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Business InMarket: Driving innovation

InMarket: Driving innovation

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Robert Francis
Robert Francis
Robert is a Fort Worth native and longtime editor of the Fort Worth Business Press. He is a former president of the local Society of Professional Journalists and was a freelancer for a variety of newspapers, weeklies and magazines, including American Way, BrandWeek and InformatonWeek. A graduate of TCU, Robert has held a variety of writing and editing positions at publications such as the Grand Prairie Daily News and InfoWorld. He is also a musician and playwright.

For more information:

TCU’s Driving Innovation in the Supply Chain Conference

http://neeley.tcu.edu/innovation/

This week, while the Texas Christian University baseball team is trying to stay competitive for the College World Series, the school will be hosting another group of top flight players, only at this event the team they’re fielding will consist of supply chain and logistics professionals.

How important is the supply chain and logistics industry to Fort Worth? Plenty important, says Morgan Swink, executive director of the Supply and Value Chain Center at TCU. Just think about BNSF Railway, American Airlines, Alcon, Lockheed, Frito-Lay, FedX, UPS, and the whole Alliance corridor.

“The BNSF Logistics Hub is one of the largest, if not the largest, inland port in the country,” says Swink. “A ton of freight goes through here going north and going east. The supply chain and logistics industry is a very strong part of the economy here.”

TCU’s Driving Innovation in the Supply Chain Conference will be Wednesday June 3 to Friday June 5 and will be broken up between an Innovation Best Practices Forum and an Innovation Research Symposium.

The Innovation Best Practices Forum will host a couple of recent award winners in the supply chain world.

Flextronics International Ltd., a design, manufacturing and supply chain company best known for serving technology firms like Dell Inc. and Apple, will discuss its state-of-the-art center that offers one-stop total supply chain solutions designed to help both startups and larger firms bring new products to market in days rather than months.

“They’re able to use 3D printing and packaging technologies to allow their clients to set up a space and do prototyping and co-design and then rapidly produce a working prototype,” says Swink. “It’s a whole new business model for them.”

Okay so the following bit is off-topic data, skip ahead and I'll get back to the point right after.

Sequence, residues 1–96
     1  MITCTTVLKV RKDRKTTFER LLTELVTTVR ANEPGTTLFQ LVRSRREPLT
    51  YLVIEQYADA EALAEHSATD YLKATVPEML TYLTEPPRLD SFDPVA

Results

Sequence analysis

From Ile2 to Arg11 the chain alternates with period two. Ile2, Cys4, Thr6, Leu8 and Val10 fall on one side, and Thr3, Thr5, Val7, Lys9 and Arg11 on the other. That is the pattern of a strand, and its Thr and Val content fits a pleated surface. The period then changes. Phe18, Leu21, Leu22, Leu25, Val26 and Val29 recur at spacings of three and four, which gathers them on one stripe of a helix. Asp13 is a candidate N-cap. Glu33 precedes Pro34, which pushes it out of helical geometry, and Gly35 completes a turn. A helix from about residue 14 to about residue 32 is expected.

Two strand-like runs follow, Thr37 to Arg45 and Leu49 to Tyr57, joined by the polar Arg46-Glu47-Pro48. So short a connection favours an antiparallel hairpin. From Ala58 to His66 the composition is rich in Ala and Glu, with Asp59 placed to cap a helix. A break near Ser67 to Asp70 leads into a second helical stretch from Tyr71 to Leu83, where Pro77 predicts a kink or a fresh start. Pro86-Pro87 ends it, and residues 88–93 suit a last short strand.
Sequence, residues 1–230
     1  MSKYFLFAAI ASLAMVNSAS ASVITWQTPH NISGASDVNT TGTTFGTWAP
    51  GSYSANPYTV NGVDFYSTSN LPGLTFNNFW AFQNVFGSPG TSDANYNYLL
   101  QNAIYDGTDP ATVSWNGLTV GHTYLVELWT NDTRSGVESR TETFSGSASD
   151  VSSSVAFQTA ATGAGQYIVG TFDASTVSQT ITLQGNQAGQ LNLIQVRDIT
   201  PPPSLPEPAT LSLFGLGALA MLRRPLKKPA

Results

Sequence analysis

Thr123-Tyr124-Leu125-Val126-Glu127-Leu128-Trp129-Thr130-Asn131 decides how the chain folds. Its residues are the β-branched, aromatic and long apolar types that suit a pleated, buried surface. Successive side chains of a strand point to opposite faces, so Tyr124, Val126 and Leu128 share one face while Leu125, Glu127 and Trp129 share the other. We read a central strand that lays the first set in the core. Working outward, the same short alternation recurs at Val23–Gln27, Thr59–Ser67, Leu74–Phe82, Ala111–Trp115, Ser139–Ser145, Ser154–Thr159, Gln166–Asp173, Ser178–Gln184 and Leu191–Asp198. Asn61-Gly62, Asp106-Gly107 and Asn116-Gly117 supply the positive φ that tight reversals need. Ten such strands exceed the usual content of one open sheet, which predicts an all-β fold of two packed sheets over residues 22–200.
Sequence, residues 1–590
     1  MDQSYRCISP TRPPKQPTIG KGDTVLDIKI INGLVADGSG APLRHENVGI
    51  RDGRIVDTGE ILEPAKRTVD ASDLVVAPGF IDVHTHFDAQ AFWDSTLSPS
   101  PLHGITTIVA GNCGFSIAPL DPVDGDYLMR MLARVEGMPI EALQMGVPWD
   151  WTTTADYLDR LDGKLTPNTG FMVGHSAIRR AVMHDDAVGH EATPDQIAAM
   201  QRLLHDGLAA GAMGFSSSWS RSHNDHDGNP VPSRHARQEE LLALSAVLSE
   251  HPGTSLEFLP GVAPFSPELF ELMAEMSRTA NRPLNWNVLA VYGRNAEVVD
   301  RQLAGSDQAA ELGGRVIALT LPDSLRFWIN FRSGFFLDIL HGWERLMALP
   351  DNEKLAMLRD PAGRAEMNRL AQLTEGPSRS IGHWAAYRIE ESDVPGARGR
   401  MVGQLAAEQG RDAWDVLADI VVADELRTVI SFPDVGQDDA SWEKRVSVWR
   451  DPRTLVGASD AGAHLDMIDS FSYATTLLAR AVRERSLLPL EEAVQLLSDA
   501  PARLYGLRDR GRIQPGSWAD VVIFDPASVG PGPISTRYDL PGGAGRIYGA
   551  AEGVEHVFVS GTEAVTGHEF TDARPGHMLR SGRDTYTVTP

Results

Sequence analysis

Also demonstrating an award-winning innovation is a fairly old-fashioned business, the office supply store.

Staples Inc. and Packsize International received a first-place award in the 2013 Supply Chain Innovation Award competition at the Council of Supply Chain Management Professionals’ (CSCMP) Annual Global Conference.

If you’ve ever made an order of various products from an online retailer such as Amazon.com, you’ve probably received packages of varying sizes and – often – wasted packaging.

Staples, which sells a lot of products online, initiated a “Smart-Size” packaging program with Packsize. By doing so, they were able to reduce their use of box material – called corrugate in the industry – by more than 15 percent while also using an average of 60 percent less packing materials and improving less-than-full-case average cube utilization by 20 percent, according to the CSCMP. It was also a “greener” solution, reducing the carbon footprint by more than 25,000 metric tons.

But it’s not just manufacturing and distribution that have found benefits by innovating in the supply chain. The Sisters of Mercy Health System, a hospital chain in St. Louis, launched an initiative to optimize its supply chain to the patient’s bedside to improve health care, save money and create a safer environment for patients. Mercy ROi, the supply chain initiative, became so successful that the Sisters of Mercy Health System has spun the business off.

“They got so good at managing their own supply chain they decided they can sell that competency,” says Swink. “They’re changing the traditional distribution models in the health care industry and they’ve transformed their operations from a cost center into a successful new business model.”

Swink notes that supply chain and logistics was once thought to be the purview of large companies who could use it to improve reliability and quality.

“But now it can be a competitive weapon and a revenue driver and important to any business,” he says.

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